"I support the presence of our troops in Afghanistan," he said. "We want to put Afghanistan on the right path with a socialist government and modern industry so it can be independent of its neighbors, like China and Pakistan."
* * * * *
"If I had my last loaf of bread and you needed it," said the first Volodya, "I'd cut it in half. I don't care if you are English, American, Vietnamese, Israeli. I don't care what you are. We're all people. I'm sure that we went into Afghanistan for purely humanitarian reasons, to help others."
* * * * *
The local newspaper ... and the regional newspaper ... dedicated most of their news coverage to the grain harvest or truancy at the factories, and the national newspapers and television depicted the invasion as "fraternal help." The result was that in isolated Shadrinsk, propaganda was reality.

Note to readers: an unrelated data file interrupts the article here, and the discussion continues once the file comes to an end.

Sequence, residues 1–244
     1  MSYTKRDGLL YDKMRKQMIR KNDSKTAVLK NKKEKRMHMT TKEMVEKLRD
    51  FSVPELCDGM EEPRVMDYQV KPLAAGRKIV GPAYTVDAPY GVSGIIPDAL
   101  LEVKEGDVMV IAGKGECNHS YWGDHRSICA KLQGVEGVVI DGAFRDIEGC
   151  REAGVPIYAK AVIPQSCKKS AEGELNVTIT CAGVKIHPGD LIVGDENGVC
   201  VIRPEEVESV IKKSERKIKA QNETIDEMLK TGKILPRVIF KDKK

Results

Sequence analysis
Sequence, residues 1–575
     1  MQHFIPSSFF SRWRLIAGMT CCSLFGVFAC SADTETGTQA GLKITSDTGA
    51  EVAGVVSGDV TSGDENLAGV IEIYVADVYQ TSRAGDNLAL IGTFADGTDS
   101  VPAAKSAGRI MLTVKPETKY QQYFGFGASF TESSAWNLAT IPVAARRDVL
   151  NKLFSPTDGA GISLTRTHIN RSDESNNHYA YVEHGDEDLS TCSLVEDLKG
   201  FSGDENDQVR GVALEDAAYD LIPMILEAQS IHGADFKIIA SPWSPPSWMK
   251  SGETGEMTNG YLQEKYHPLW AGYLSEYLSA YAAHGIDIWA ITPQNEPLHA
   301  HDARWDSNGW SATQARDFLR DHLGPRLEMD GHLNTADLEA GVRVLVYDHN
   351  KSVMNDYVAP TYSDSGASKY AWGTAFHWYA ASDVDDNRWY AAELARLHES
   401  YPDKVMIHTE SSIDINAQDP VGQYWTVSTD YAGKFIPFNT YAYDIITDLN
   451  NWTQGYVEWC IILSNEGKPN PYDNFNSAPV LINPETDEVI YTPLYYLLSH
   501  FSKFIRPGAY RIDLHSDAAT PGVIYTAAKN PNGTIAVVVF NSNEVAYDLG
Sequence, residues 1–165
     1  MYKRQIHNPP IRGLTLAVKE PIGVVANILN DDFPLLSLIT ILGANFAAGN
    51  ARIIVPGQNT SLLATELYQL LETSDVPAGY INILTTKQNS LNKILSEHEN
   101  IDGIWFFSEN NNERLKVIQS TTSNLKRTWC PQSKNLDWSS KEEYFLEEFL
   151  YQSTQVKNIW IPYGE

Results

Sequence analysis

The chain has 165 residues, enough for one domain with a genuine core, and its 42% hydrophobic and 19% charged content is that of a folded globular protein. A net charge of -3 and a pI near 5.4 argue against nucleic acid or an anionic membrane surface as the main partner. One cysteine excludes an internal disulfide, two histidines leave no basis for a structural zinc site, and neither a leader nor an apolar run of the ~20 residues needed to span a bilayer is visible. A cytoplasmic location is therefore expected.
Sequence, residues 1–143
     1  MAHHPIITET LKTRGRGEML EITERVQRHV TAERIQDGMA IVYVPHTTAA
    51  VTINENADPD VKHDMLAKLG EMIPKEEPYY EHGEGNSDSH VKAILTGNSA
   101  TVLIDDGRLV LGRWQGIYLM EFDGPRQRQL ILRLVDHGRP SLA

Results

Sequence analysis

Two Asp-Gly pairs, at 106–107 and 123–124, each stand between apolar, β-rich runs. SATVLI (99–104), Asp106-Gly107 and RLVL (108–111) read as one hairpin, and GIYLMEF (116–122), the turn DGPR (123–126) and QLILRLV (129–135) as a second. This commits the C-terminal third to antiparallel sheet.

* * * * *
At lunchtime, we were joined at our table in the hotel's restaurant by a muscular, crew-cut construction worker. "You Americans are clever people," he said. "My God, you are clever. You came here to ask about Afghanistan. And in how many countries do you have your forces? How many bases surround the entire Soviet Union? Afghanistan is our southern neighbor. Just remember that. We gave aid to Afghanistan just the way we sent aid to Spain in the Spanish civil war, to keep the war from spreading. In case you're interested, everyone here supports the government."
* * * * *
We both had offers to dance and, afterward, [Newsweek correspondent] Bill asked my [dance] partner, a pretty nineteen-year-old shopgirl, if the fact that she liked Western jeans and music meant she did not like the Soviet Union.